Budget pressures mean defense acquisition workers’ lives “are going to stay difficult for a while,” their chief told the workforce at Naval Air Station Patuxent River, Md., this week, but he reminded them that they have a critical mission for the country.
Frank Kendall, undersecretary of defense for acquisition, technology and logistics, visited here Sept. 3 to discuss the Pentagon’s Better Buying Power 2.0 initiative and listen to workforce feedback after what he acknowledged has been a challenging summer.
“Pax River,” as it’s commonly known, is home to Naval Air Systems Command and Naval Air Warfare Center Aircraft Division headquarters, as well as more than 50 tenant activities. Staffs here provide the full spectrum of acquisition management, research and development capabilities, air and ground test and evaluation, aircraft logistics and maintenance management. The installation supports land-based and maritime aircraft and engineering, test, evaluation, integration, and life cycle support for ship and shore electronics.
Kendall told workers the now-completed civilian furloughs, which cut workers’ hours and pay by one day a week for six weeks, were a last resort in the face of steep sequestration-mandated spending cuts that might otherwise have left the military in a dangerously low state of readiness.
“I’m sorry we had to do it,” he said, emphasizing that Defense Secretary Chuck Hagel and other Pentagon leaders exhausted all other possibilities before reluctantly approving what amounted to short-term layoffs.
Kendall said he can’t predict what the new fiscal year will bring to the Defense Department when it begins Oct. 1.
“The budget situation we’re in is pretty much unprecedented,” he said. “I have not [before] seen this kind of gridlock on Capitol Hill.”
Kendall said he doubts that sequestration, the provision in budget law that imposes across-the-board spending cuts to counteract budget deficits, will go away this year. Congress can de-trigger the automatic cuts, he said, but he added that he sees no appetite for doing so.
“The impact of sequestration, while it is very real, is also very distributed,” Kendall said. He noted that wholesale program cancellations, which people might expect to see, have been avoided so far, “because we’re trying to do our jobs.”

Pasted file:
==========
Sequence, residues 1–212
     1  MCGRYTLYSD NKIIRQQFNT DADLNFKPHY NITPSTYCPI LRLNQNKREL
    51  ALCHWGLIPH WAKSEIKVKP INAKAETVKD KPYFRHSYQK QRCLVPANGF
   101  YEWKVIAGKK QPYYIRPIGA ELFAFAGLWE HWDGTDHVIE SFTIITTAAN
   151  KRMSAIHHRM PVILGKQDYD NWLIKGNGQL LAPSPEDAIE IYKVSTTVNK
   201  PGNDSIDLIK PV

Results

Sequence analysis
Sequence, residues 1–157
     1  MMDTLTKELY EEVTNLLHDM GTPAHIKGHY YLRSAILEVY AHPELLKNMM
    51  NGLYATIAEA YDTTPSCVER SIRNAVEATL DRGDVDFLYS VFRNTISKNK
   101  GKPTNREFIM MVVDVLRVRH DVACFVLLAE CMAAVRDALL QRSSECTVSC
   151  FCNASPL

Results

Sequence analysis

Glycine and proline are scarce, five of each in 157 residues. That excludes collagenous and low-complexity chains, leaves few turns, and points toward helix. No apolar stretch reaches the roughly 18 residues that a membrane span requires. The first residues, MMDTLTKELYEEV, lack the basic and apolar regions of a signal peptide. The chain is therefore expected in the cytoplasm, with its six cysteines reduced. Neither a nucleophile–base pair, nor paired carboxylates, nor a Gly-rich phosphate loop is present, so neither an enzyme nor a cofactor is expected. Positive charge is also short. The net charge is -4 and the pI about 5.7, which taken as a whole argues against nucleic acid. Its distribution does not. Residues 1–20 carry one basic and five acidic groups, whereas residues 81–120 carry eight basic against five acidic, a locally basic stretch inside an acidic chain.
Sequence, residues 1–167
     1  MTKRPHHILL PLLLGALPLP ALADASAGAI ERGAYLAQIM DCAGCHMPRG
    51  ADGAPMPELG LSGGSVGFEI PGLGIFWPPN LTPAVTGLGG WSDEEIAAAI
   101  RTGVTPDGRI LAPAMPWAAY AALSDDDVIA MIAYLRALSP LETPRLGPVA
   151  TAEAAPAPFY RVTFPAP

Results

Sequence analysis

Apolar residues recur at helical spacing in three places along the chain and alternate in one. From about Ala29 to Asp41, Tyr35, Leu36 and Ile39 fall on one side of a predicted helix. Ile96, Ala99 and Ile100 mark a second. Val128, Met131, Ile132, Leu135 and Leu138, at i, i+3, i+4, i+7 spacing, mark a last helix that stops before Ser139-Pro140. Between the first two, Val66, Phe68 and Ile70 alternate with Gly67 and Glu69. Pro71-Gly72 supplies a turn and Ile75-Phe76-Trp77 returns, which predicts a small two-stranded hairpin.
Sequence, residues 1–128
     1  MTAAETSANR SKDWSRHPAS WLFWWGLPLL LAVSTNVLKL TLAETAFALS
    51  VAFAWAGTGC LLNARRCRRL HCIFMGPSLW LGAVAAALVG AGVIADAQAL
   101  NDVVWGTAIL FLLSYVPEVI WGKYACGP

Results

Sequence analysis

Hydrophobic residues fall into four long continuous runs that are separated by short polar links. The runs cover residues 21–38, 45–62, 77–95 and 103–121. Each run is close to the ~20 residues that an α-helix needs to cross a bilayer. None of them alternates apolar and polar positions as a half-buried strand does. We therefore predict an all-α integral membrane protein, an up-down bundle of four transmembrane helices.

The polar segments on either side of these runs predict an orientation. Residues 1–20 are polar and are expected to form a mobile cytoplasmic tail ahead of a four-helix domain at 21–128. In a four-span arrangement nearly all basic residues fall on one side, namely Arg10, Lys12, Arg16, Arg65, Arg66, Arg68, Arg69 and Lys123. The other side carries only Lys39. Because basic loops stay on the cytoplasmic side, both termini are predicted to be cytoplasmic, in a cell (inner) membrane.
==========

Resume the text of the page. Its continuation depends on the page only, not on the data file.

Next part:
Sequester will cut about $52 billion from the 2014 defense budget, he said, and leaders will begin implementing those cuts in October. While the Office of Management and Budget hasn’t issued guidance yet for fiscal year 2014, Kendall said, “my expectation is we will start assuming sequestration from Day One.”
Military personnel cuts take time, he explained, and military pay is likely to be exempt, so the burden of those cuts essentially falls on the civilian workforce and contractors, along with investment accounts — his area of acquisition, technology and logistics.
The military culture is to “put your head down and get the job done” no matter the circumstances, he said, and the acquisition workforce continues its push to get the best value for taxpayer dollars.
“I do think we have to be vocal about what’s going on, though. … And I think it’s going to be a lot worse going into [fiscal 2014],” he said.
Kendall said he hopes furloughs will not be repeated, but that while he also hopes DOD can avoid a reduction in force of the civilian workforce, it may be necessary.
“The odds of a [reduction in force] not happening are not so good,” he acknowledged, though he added that defense leaders are researching alternatives.
“I don’t see us getting to a time soon where we get out of the mess,” Kendall said. “But I do think that as the damage becomes more visible, Congress will have to act and de-trigger [sequestration.] I just don’t know how long it’s going to take.”